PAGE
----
Peau d'âne (Donkey Skin, 1970), Jacques Demy, music by Michel Legrand
Michel Legrand Interview (August 26, 2005)
La Deneuve in Cannes (May 13, 2005)
Le Jazz in Saint-Germain (May 8, 2005)
Agnès Varda, Jacquot de Nantes (February 19, 2005)
Pierre Loti's Toy Stage (December 31, 2004)
The modern world creeps in to the fairy tale through the Lilac Fairy, who seems to come from the future or has at least visited our time. She makes a reference at one point to "une pille" (a battery) but then tells the princess, who doesn't understand, not to worry about it. At the princess's marriage at the end, she and the king arrive, mysteriously, in a helicopter. When the king is trying to woo his own daughter, convinced that she is the only princess more beautiful than his recently deceased wife (fulfilling her final wish, that he marry only something more beautiful than she), he reads from the books of poetry that the Lilac Fairy brought him from the future. At least one of the poems I recognized as the work of Guillaume Apollinaire, from his poem L'Amour:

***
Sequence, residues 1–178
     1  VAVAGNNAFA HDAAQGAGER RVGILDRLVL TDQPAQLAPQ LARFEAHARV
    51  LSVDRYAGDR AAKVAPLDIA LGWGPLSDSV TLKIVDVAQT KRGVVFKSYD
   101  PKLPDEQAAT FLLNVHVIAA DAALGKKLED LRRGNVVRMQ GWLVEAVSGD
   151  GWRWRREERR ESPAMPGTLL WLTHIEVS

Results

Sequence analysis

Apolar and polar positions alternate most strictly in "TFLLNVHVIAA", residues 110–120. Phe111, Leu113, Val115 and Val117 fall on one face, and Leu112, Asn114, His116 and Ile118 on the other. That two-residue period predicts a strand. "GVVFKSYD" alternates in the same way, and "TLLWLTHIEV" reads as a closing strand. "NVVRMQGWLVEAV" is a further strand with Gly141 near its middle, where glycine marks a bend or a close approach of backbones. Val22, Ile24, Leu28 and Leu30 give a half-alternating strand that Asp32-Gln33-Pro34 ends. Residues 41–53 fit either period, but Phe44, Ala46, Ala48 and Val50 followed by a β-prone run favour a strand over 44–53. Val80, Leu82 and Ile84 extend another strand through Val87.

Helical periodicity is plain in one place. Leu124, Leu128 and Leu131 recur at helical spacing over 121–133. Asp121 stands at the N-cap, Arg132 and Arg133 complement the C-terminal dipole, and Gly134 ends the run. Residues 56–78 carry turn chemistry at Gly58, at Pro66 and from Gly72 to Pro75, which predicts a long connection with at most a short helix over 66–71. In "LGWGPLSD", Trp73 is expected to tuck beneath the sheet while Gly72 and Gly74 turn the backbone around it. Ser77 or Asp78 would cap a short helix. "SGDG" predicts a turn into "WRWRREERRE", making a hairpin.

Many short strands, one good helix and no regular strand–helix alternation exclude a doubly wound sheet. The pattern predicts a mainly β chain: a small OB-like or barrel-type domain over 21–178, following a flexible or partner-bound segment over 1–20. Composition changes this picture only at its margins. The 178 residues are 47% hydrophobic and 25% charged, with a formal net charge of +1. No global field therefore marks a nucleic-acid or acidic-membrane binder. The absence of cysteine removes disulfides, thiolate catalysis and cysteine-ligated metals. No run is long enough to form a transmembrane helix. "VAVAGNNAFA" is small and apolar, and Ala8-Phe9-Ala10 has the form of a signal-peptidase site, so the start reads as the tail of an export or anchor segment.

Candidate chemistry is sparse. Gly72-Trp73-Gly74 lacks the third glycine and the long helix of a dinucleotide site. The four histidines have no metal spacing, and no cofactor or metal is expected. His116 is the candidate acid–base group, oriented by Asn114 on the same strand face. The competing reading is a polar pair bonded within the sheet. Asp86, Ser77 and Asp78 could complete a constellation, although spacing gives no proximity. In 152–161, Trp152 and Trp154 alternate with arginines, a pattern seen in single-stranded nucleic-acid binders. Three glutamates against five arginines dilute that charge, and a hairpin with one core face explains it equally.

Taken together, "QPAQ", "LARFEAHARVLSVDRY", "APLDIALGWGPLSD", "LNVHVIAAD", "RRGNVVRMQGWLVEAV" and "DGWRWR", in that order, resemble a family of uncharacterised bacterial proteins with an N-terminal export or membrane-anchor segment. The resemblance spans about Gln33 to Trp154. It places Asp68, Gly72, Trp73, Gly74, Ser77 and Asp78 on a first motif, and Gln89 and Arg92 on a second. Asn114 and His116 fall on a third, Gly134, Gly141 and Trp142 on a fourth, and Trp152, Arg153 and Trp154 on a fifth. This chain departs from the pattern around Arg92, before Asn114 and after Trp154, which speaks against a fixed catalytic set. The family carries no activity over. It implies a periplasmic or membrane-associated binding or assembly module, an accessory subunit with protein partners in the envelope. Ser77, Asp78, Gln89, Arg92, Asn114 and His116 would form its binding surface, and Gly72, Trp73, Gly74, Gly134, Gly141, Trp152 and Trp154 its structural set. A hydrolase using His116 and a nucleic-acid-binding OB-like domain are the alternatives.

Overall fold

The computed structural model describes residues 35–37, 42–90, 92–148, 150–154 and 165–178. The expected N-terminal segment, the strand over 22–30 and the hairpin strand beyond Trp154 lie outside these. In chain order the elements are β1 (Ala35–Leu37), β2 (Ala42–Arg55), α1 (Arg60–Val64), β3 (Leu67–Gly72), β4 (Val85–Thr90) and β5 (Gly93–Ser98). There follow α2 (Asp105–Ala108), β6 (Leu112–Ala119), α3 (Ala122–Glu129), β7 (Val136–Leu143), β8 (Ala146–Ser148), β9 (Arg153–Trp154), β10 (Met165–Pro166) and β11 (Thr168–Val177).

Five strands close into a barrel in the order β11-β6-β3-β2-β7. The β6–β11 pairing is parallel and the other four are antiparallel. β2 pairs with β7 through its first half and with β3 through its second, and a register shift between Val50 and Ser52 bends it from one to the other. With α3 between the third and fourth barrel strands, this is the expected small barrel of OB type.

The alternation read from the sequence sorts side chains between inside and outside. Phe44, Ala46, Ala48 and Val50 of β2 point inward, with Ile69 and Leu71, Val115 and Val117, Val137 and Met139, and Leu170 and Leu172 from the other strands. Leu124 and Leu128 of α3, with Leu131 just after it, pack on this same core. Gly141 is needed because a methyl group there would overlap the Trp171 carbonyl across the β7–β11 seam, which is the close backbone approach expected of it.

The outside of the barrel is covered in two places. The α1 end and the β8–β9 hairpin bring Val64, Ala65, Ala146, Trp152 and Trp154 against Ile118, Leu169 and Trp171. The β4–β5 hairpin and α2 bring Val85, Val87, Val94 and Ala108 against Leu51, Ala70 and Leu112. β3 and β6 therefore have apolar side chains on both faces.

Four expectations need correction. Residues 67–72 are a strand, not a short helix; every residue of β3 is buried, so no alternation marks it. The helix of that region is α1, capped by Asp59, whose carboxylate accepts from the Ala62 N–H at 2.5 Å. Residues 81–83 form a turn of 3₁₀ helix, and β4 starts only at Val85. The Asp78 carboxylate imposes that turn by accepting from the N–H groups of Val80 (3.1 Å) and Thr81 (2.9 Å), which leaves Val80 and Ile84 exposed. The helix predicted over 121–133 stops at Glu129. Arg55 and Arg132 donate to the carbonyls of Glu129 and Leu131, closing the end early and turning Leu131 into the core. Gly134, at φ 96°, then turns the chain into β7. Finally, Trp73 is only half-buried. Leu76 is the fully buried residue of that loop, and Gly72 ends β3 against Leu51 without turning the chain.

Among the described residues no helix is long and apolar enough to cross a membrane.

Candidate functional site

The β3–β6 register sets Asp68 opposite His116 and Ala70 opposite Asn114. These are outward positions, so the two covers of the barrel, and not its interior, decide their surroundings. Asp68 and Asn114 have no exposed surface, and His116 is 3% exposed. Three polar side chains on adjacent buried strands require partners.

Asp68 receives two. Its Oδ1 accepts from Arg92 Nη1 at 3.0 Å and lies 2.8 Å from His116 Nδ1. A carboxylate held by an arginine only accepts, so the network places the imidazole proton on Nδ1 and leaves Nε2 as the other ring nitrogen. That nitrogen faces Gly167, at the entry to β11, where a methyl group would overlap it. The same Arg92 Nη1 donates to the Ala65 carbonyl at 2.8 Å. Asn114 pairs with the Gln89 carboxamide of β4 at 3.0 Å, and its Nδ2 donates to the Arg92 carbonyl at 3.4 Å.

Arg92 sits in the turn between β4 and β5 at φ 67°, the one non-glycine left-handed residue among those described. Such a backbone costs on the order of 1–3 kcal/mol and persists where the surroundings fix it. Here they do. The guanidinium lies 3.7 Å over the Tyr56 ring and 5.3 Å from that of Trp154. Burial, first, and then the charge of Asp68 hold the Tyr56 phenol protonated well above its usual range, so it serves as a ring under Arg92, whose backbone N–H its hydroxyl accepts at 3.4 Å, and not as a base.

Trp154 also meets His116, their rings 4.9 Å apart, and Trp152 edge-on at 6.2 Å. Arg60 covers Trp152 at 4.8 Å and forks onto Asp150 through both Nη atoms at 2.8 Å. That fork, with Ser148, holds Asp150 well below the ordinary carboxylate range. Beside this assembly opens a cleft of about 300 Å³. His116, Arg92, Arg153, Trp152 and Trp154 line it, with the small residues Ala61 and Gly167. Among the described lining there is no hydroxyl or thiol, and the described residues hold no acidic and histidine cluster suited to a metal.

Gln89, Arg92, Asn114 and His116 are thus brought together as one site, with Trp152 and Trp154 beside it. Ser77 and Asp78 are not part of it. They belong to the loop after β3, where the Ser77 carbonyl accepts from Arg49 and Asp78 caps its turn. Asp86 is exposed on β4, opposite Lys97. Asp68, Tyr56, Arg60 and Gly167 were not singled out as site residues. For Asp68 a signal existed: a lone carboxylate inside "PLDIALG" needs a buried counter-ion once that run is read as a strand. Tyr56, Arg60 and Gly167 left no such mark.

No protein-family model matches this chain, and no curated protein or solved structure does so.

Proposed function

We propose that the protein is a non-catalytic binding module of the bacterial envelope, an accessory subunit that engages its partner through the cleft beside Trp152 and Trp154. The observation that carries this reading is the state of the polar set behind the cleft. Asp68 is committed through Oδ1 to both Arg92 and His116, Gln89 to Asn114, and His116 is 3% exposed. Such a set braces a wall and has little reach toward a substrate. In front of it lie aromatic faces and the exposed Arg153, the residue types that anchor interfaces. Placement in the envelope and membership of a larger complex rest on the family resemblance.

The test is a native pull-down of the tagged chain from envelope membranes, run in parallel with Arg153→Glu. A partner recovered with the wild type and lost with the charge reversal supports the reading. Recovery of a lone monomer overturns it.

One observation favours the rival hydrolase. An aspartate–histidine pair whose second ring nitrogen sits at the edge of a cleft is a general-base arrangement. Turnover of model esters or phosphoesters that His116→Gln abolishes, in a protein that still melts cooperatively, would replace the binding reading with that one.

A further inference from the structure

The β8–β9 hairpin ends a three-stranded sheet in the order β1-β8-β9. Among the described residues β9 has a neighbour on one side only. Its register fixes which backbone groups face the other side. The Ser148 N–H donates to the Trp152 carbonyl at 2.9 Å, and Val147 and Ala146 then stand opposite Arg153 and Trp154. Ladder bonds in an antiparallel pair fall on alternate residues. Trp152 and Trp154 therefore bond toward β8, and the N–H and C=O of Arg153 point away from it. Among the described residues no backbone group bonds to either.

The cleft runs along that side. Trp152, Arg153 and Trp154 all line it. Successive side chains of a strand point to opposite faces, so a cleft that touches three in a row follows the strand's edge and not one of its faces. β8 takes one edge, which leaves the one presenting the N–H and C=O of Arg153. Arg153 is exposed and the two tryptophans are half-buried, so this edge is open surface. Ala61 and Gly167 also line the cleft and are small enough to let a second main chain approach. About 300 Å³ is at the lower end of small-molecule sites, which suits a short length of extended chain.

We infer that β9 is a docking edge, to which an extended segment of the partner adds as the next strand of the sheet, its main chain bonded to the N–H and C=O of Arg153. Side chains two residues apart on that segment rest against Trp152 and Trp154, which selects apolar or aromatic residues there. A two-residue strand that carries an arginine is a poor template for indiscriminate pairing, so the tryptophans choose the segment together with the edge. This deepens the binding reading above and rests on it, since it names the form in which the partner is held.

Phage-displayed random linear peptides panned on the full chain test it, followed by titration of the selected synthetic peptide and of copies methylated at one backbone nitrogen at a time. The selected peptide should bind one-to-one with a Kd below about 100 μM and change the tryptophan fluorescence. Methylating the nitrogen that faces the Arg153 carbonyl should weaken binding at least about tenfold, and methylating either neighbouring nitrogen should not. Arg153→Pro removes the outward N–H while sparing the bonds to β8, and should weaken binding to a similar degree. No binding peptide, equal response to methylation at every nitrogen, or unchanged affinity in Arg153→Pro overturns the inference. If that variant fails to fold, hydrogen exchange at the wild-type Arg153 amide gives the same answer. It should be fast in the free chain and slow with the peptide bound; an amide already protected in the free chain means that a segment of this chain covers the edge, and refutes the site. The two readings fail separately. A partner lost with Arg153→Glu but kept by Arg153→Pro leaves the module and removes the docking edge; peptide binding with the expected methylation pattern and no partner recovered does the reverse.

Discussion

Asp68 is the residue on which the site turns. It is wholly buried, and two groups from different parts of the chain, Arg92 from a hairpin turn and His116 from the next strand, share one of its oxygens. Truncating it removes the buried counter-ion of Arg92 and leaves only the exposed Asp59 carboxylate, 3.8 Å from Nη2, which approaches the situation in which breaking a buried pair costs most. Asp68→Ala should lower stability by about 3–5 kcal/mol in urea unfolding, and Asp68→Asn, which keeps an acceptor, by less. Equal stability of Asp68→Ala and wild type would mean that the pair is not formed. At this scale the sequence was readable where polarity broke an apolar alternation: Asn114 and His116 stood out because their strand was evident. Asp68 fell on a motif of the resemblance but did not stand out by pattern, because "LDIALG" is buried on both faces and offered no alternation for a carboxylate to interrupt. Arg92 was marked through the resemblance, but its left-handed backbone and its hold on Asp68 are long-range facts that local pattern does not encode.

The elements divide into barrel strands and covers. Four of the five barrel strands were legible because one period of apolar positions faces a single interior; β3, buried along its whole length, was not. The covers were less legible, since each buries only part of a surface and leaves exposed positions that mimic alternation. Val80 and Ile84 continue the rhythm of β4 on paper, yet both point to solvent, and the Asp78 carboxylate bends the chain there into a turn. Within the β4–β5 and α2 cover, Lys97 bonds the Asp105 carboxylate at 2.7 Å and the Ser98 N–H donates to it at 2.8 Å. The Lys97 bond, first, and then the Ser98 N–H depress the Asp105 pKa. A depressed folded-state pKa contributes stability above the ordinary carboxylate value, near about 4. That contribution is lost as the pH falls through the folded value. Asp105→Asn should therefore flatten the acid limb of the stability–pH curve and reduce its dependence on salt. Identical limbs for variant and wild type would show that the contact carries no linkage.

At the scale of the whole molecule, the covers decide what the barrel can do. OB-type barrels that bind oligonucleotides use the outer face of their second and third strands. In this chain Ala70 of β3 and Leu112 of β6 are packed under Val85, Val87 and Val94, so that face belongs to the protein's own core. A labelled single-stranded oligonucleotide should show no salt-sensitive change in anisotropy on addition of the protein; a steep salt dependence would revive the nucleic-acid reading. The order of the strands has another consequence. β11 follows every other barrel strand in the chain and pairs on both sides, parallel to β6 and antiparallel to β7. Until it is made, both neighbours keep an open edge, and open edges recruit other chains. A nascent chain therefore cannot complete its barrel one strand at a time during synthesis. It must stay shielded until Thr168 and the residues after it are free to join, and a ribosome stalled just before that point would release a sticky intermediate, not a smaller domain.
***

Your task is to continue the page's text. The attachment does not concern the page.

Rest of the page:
L'anneau se met à l'annulaireThe costumes in this film, it's true, are the worst kind of kitsch, a Disney vision of the Renaissance. However, it is so beautifully shot, much of it on location at Chambord and a few other châteaux in the Loire Valley. There are several scenes of Catherine Deneuve, in her donkey skin, running through the woods, slowed down just enough to appear to float but not enough to seem truly like slow motion. These scenes are not narrative, only about showing something beautiful. Michel Legrand's music is good but not as memorable as Les Parapluies de Cherbourg or Les Demoiselles de Rochefort.
Après le baiser des aveux
Ce que nos lèvres murmurèrent
Est dans l'anneau des annulaires
Mets des roses dans tes cheveux.